A neutrino is thought to interact only through the weak force and gravity. They interact primarily, though, through the weak force (perhaps explaining the Martin/Shaw comment). Interestingly, since ...

The problem with the assumptions in your second paragraph is that space is moving, not the galaxies. Space itself can travel faster than the speed of light - that is not forbidden by general ...

To formalize the comments (now in chat here): Associated jerk is probably what you want to calculate, as it is the measure of how violently something is shaken.$^1$ Jerk is the derivative of the ...

The gravity of the galaxy$^1$ holds it together; that is what keeps the distance between stars in a galaxy expanding. In other words, the gravitational pull of the galaxy overcomes the antigravity "...

The official string theory website says this: Theoretical physics has not explained why there are three generations of particles that make up matter. Maybe string theory will come up with an answer ...

In a nutshell, yes. Think about Newton's gravity. Even you and I have some gravitational pull, even though it is tiny. The same is true for General Relativity. Even the tiniest of particles makes an ...

General relativity is a theory of gravity; as such, it makes predictions about gravity. However, general relativity does make predictions about time and physical entities such as black holes. Some of ...

An electron gun is used to shoot electrons at the ink which then gives the ink droplets a negative charge, varying based on where the ink needs to go. Then, the charged ink droplet passes between two ...

What happens during the charging process is this: During charging, an external electrical power source (the charging circuit) applies an over-voltage (a higher voltage than the battery produces, ...

I believe the answers to your question can be found in Locality and realism in contextual theories by Dick Hoekzema. If I understand it correctly, the paper does show that contextual theories must be ...

The block would be accelerating (well, technically decelerating, but you get the idea). Why? It's slowing down, i.e., the velocity is changing, and acceleration is defined as change in velocity ...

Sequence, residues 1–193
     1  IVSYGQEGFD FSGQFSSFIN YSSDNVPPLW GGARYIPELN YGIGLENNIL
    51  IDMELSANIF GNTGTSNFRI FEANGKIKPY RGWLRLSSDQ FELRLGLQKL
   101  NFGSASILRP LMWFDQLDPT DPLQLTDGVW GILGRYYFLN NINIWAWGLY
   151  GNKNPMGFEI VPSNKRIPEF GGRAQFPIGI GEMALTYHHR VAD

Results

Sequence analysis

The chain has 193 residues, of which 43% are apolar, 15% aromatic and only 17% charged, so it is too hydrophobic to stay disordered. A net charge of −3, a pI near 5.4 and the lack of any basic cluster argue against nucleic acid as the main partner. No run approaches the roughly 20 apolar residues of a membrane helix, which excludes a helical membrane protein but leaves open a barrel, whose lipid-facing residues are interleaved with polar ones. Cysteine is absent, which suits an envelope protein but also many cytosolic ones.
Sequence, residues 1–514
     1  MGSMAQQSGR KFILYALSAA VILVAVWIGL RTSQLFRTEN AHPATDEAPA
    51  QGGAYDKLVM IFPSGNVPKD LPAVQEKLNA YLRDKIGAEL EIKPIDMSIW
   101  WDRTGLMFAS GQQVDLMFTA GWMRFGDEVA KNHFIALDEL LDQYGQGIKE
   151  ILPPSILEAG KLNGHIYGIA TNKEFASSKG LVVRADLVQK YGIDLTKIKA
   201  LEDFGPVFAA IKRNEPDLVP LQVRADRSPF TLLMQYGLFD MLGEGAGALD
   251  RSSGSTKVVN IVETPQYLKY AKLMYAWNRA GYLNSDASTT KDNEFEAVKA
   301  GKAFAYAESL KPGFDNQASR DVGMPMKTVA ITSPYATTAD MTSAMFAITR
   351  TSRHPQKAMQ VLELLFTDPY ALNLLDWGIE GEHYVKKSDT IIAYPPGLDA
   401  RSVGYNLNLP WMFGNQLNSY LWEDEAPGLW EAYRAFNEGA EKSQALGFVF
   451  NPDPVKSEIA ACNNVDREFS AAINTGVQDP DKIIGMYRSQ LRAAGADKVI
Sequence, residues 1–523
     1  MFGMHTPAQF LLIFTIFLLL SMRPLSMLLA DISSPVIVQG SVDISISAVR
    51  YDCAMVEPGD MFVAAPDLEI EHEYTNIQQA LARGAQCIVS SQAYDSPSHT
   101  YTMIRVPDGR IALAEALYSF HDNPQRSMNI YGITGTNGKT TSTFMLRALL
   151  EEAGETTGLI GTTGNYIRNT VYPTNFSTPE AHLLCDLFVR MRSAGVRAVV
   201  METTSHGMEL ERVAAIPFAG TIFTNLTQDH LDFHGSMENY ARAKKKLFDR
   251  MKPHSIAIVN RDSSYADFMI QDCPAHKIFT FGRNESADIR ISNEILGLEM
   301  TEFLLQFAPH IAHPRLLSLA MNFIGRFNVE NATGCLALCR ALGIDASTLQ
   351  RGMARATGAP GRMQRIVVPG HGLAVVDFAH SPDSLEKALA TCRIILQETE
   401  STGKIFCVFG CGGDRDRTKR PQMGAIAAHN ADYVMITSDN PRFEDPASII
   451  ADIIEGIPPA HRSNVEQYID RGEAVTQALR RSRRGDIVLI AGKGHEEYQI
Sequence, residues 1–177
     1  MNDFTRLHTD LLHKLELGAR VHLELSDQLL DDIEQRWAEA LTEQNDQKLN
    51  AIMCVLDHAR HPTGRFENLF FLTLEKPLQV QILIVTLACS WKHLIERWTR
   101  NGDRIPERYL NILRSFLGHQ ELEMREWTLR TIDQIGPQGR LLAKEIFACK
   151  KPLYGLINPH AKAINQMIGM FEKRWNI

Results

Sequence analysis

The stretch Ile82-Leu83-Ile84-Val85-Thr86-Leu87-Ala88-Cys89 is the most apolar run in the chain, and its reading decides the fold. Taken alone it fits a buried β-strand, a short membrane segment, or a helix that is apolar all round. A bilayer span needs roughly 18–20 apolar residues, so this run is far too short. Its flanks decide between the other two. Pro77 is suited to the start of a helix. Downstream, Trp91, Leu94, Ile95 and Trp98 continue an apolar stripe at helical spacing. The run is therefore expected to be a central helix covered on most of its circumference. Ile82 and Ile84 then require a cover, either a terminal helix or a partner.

The short answer: yes. Momentum (p) = mass $\times$ velocity, which can be written using the shorthand $$p=mv$$ and as $v$ and therefore $p$ are vectors, these are bolded: $$\mathbf{p} = m\mathbf{v}$$...

The Level IV Multiverse is meant to contain all universes which can be described by different mathematical structures, according to Wikipedia. So it certainly contains universes that might have "...

Well, photons were at the Big Bang, but it wasn't light that we can now observe until the era known as recombination, about 378,000 years after the Big Bang, that photons had a practically infinite ...

Well, the Milky Way galaxy contains about 100 billion stars (which is a lower-end estimate). Around 1 out of every 1000 stars is of appropriate mass to form a black hole. So a very rough estimate is ...

You are talking about the thermodynamic arrow of time; I'll talk about this in reference to entropy. It's actually not an uncommon idea, especially in cosmology. Let's think about a video of a teacup ...

Light as a Particle The photons in the beam of light are continuously being absorbed and re-emitted by the glass atoms (though this is also true in the other mediums light slows in). The level by ...

In a nutshell, no. General relativity says that objects with mass cannot travel faster than the speed of light. Space itself can travel faster than the speed of light because it doesn't have mass. ...

One book I'd definitely recommend is John Gribbin's The Scientists. While it is a little more biographical, it does include the trial and error, the buildup, etc., as well as the stories of quite a ...

Not really. If we were made of antimatter, we would think of matter as antimatter. Antimatter is really the same as matter, just with an opposite charge and opposite lepton/baryon numbers. The laws of ...

The reason the hottest temperatures of the year are later than the solstice is because the land and oceans need time to warm up. Interestingly enough, there's a name for this phenomenon - "the lag of ...

In a word, yes. What you're doing is called sodium chloride electrolysis. A diagram of the experiment is shown below: Basically, because the salt has been heated until it melts, the sodium ions flow ...